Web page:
Category:
Plowed Ground
Difficulty Level:
Moderate

In Recognition of Those Who Participated in the Struggles Leading to the Signing of the Voting Rights Act of 1965.

Amelia Boynton Robinson

Which woman became the first African-American, the first female Democratic candidate to stand for election to the United States Congress from Alabama, and had a career in agriculture? 

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Historical Notes

Amelia Boynton Robinson

Civil rights activist Amelia Boynton Robinson was born Amelia Platts on August 18, 1911.  She was one of nine children of George and Anna Platts of Savannah, Georgia.  Boynton spent her first two years of college at Georgia State College (now Savannah State University), then transferred to Tuskegee Institute (now Tuskegee University) in Alabama.  She graduated from Tuskegee with a home economics degree and continued her education at Tennessee State, Virginia State, and Temple Universities.  After working as a home economics teacher in the rural south, Boynton took a job as Dallas County's home demonstration agent with the Alabama State Agricultural Extension Service in Selma, Alabama.  While at Tuskegee, Boynton met S. W. Boynton, who later also became a Dallas County extension service employee.  In the 1930’s,they married and worked to  bring education and an improved standard of living and voting rights to poor African Americans, mostly sharecroppers.  As agents for the Federal government, the Boynton’s said they had the right to vote and educated others about voting rights.

Boynton’s early activism included co-founding the Dallas County Voters League in 1933 and holding African-American voter registration drives in Selma from the 1930s through the '50s.  S.W. Boynton died in 1963.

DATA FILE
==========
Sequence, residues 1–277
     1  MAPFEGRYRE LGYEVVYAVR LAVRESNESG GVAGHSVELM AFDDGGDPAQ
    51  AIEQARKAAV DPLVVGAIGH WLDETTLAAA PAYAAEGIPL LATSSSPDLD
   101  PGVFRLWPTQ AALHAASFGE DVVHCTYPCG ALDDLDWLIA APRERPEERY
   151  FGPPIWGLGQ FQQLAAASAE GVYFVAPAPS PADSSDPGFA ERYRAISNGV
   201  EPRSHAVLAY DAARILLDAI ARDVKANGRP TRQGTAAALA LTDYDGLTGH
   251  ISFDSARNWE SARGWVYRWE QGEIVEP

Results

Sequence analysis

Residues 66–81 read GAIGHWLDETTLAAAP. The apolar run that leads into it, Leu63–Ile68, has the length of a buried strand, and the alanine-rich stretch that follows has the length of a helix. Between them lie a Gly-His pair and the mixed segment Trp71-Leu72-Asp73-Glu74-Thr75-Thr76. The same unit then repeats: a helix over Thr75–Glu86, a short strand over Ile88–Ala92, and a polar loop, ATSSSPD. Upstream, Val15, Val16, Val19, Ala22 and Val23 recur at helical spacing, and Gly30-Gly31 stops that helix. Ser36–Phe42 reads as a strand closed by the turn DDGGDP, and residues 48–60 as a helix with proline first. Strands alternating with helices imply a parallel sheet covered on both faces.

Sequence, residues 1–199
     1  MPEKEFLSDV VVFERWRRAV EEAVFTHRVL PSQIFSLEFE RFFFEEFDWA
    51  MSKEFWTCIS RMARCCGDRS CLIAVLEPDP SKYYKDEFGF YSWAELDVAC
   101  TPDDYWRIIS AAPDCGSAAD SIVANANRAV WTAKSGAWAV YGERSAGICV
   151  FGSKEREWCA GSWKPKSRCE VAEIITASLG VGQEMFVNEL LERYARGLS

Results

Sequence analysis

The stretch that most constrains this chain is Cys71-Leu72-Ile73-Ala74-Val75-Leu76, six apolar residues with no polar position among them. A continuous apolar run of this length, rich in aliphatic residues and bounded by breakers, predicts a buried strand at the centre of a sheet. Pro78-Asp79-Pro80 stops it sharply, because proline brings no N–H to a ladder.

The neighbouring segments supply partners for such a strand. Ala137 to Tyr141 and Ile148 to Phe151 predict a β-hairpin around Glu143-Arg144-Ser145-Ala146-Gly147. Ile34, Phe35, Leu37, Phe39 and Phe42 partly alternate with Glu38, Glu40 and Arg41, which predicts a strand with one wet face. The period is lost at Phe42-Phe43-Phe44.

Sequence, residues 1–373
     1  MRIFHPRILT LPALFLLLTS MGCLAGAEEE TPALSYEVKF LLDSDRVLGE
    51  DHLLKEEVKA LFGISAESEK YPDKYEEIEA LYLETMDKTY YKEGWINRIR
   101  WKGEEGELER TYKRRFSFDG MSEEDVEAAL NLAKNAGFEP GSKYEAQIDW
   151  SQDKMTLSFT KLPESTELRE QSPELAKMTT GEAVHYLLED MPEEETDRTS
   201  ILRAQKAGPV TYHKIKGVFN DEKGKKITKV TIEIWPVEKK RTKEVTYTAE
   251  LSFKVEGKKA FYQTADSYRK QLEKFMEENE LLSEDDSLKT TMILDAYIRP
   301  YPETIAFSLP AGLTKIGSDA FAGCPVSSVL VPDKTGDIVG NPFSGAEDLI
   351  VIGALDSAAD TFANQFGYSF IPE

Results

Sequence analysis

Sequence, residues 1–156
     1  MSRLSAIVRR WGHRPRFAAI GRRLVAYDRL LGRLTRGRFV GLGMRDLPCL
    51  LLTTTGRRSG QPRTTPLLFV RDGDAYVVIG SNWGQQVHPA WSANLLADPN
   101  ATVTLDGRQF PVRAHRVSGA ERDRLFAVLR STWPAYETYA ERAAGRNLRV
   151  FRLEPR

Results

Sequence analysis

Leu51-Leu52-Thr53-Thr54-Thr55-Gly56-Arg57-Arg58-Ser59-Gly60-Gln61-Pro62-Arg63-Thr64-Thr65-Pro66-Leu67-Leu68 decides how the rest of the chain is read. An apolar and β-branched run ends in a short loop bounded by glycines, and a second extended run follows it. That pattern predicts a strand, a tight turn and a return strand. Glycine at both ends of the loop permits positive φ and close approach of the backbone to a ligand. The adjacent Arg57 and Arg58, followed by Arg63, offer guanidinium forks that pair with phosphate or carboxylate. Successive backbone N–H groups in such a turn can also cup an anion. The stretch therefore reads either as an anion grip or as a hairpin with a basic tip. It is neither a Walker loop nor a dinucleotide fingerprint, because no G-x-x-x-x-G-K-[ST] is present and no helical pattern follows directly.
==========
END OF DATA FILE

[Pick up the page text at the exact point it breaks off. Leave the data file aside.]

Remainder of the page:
In 1964, as the Civil Rights Movement gained momentum, Amelia Boynton ran on the Democratic ticket for a seat in the United States Congress—becoming the first African-American woman to do so, as well as the first woman to run as a Democratic candidate for Congress from Alabama.  Although she didn't win the election, Boynton garnered 10 percent of the vote in a district where less than 5% of its registered voters were Black.

Also in 1964, Boynton and other fellow civil rights activists joined with Dr. Martin Luther King, Jr., to work toward common goals.  At the time, Boynton was a well-known activist in Selma.  Dedicated to securing suffrage for African Americans, she asked Dr. King and the Southern Christian Leadership Conference (SCLC) to come to Selma and help promote the cause.  King eagerly accepted.  Boynton’s Selma home became the headquarters for the SCLC.  It was there that they planned the Selma to Montgomery March of March 7, 1965.

Some 600 protesters arrived to participate in the event.  On Selma’s Edmund Pettus Bridge, marchers were attacked by policemen with tear gas and billy clubs, which came to be known as "Bloody Sunday." Seventeen protesters were sent to the hospital, including Boynton.  She had been beaten unconscious and left for dead on the bridge.  A newspaper photo of Boynton lying bloody and beaten drew national attention to the cause.  “Bloody Sunday” was one of the events that prompted President Lyndon B. Johnson to sign the Voting Rights Act on August 6, 1965.  Boynton attended the landmark event as a guest of honor.  She is frequently referred to as the “grandmother of the voting rights movement.”  One of her famous quotes is, “A vote-less people is a hopeless people.”

In 1990, Boynton was awarded the Martin Luther King, Jr., Medal of Freedom.  Her activism is portrayed in the award-winning film, “Selma,” currently screening in area theaters.  Now 103 years old, and three-times a widow,  Amelia Boynton Billups Robinson  was recognized for her contributions to civil rights and equality by President Barack Obama during his 2015 State of the Union Address to the nation.